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Jeremy O. Harris: Slave Play

Words by
Darol Olu Kae
09.08.2019

After his debut at the New York Theater Workshop with Slave Play, playwright Jeremy O. Harris (American, B. 1989) recently premiered his latest play, Daddy, at the Vineyard Theater, New York.

The playwright and actor Jeremy O. Harris, a third-year student at Yale’s School of Drama, recognizes and approaches both his own psyche as well as the collective psyche of America (via the theatre space and its mostly white audience) as critical sites of investigation where difficult and uncomfortable truths can be explored and laid bare. Last year, Harris made his professional debut at the New York Theatre Workshop with Slave Play (directed by Robert O’Hara), an unflinching exploration of how the afterlife of racial slavery in the United States has stained the notion of intimacy for interracial couples living in 21st-century America. As Harris explains, “There is a scar in [America] that we pretend like it doesn’t exist and we think we can ignore this major wound.” Slave Play is an uncomfortable and disturbing intervention into America’s troubling past; it seeks to acknowledge and treat the violence and collective trauma that the wound of slavery has left in its wake, for black and white people alike.
With works like Slave Play and its 2019 follow-up, Daddy, Harris looks to ignite new conversations about race and sexuality in a way that considers the lingering presence of history. With a cogent analysis of the power dynamics at play between interracial couples, Harris interrogates what scholar Saidiya Hartman aptly calls a “history that hurts,” and enlists the theatre as a means of helping to “associate us back with ourselves and have a different conversation” about race, sexuality and slavery in America.

Slave Play intentionally engenders discomfort in its audience without the promise of relief. It does this by placing three interracial couples in the American South, specifically Virgina, during the Antebellum era. The core tension in Slave Play orbits around a certain breach of intimacy where black people no longer receive sexual pleasure from their white partners. To address this problem, Harris subverts audience expectations and desires by enlisting the services of Antebellum Sexual Performance Therapy, an unorthodox therapy process designed to help black partners re-engage on an intimate level with their white partners. The play asks us to consider how the violence of slavery endures today—but more than that, it points to the more pressing and pervasive question of how slavery has informed our intimate politics. When so much violence anticipates us, is love possible? These questions are not simply offered for the characters to consider, but extend beyond the stage to the audience members as well. When the whole world is a stage, everyone is a character subject to critique. “Everyone who’s watching [the performance] is fully a part of a system that is consuming and profiting off of Black bodies and Black identity,” explains Harris. “The play does not allow you to escape that fact.”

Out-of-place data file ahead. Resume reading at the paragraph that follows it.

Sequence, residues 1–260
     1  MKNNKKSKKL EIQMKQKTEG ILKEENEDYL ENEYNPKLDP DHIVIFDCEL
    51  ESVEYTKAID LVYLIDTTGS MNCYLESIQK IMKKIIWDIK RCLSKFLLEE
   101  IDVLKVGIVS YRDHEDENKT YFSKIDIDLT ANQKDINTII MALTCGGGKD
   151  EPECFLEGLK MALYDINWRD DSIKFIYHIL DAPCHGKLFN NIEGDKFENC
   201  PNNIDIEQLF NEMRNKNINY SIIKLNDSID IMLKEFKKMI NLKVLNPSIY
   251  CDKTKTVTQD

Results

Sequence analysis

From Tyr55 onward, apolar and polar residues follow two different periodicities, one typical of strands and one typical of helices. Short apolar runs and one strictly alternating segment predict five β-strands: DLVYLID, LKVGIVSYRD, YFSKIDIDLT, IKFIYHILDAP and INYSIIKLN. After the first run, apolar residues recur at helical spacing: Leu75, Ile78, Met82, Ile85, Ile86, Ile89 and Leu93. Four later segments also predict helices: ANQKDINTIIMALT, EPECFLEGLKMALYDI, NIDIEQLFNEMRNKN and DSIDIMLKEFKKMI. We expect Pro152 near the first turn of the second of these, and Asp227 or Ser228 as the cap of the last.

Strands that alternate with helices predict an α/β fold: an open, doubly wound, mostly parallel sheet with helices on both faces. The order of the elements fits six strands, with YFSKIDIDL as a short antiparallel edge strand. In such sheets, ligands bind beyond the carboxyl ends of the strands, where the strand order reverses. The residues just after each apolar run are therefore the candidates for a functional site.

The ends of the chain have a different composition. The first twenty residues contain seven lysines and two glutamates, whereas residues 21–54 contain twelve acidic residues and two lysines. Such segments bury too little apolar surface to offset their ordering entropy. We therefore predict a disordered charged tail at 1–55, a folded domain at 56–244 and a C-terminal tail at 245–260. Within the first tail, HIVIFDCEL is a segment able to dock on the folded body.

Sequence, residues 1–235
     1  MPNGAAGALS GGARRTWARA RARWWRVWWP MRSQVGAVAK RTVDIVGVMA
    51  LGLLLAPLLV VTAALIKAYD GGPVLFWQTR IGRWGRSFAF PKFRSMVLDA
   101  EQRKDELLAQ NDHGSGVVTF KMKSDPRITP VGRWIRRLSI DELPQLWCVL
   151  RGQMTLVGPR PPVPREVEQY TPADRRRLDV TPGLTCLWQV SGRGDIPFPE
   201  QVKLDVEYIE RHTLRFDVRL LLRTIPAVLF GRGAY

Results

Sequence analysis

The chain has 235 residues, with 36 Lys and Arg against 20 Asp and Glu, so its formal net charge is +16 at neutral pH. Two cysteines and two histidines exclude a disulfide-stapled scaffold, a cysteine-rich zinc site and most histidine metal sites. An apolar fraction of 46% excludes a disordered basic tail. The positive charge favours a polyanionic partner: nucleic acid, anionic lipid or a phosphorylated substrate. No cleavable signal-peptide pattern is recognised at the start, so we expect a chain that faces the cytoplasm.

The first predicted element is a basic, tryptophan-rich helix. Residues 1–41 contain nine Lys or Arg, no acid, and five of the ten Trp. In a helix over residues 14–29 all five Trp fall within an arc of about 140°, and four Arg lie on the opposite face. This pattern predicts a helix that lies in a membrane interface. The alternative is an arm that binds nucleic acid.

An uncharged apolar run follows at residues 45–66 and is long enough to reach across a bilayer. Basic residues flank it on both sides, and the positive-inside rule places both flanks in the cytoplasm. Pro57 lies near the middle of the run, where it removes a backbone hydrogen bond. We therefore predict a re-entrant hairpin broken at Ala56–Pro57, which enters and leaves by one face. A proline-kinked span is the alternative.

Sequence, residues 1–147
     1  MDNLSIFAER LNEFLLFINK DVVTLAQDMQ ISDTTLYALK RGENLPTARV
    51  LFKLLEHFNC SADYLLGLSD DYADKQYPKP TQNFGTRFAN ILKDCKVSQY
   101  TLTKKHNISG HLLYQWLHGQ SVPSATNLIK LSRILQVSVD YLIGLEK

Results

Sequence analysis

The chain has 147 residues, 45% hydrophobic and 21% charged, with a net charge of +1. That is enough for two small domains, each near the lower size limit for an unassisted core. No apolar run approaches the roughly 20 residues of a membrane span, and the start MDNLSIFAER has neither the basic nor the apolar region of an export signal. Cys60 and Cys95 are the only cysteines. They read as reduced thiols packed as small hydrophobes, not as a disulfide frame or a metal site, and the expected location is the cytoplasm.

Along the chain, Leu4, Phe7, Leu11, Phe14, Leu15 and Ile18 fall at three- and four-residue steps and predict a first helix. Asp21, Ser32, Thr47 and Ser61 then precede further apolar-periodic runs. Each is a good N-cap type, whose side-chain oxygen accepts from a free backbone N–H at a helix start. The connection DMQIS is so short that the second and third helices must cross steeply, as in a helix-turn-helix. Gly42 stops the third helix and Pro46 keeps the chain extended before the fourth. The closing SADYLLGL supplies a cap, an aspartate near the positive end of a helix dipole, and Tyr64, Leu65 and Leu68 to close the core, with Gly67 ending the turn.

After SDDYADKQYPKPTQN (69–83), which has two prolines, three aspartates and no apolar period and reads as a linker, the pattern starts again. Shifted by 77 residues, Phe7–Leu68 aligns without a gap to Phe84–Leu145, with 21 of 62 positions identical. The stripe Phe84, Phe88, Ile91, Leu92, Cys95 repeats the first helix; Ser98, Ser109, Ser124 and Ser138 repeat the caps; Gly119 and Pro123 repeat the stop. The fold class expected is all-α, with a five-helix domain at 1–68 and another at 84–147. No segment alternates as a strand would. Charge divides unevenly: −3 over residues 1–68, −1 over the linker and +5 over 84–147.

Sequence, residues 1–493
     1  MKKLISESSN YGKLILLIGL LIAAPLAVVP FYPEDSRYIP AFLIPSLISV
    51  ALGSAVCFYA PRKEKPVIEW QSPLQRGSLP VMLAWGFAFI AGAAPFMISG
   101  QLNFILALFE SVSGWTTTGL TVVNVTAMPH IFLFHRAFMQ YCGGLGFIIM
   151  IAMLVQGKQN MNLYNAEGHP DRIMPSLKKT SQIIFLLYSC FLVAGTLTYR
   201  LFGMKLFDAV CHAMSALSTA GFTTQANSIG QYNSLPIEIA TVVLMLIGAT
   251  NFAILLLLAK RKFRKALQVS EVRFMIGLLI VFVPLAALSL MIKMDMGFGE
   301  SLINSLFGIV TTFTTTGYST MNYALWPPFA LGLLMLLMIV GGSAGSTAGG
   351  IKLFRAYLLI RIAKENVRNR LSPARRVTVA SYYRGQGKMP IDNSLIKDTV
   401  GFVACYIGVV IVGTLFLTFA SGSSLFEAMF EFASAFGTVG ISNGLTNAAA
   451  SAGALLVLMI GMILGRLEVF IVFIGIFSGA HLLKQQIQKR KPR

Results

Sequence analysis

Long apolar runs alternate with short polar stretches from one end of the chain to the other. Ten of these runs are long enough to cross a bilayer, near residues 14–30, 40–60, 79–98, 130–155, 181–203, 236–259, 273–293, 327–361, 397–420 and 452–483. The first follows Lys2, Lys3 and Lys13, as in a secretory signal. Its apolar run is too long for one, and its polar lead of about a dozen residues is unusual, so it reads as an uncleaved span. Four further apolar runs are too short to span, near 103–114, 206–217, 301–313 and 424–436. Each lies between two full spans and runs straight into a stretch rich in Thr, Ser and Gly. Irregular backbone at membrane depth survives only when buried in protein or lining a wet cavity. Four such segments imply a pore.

Daddy, meanwhile, considers interracial sexual relationships from the vantage point of contemporary Bel Air. Directed by Danya Tamor and starring Ronald Peet and Alan Cummings, the play chronicles the thorny relationship between a young, ascendant black artist, an older, wealthy white art collector, and the artist’s strong-willed and disapproving mother. Featuring a full gospel choir and a functioning onstage pool, Daddy is at once provocative and playful—but as with Slave Play, the work finds Harris unpacking complex notions surrounding identity, intimacy and power.
In both practice and effect, Harris’ work extends beyond the theatre space. His recent success has drawn the interest of Hollywood: he served as a co-writer for A24’s upcoming film Zola, based on a viral Twitter thread by the former stripper Aziah Wells (aka Zola) recalling an eventual two-day road trip through Florida with a sex worker, her boyfriend, and her pimp. He still acts occasionally, and is set to appear in his own next Off Broadway play, title and timing as-yet-unannounced. He has also struck up friendships and collaborations in the fashion world, among them Gucci and Telfar, whose Fall/Winter 2019 show opened with a Harris-penned soliloquy written on the show’s theme of “Country.”
For the time being, however, Harris’ main focus remains his playwriting. Through the lens of sexuality and fantasy, he continues to focus on issues of race, power and collective trauma as a way of creating an environment where Blackness—which is to say, “a social relationship of dominance and abjection”—is radically illuminated and turned against those who benefit from it, refusing to differentiate between its active and passive benefactors.

Jeremy O. Harris (American, B. 1989) is a New York-based playwright.
Photo credit: Matthew Leifheit.

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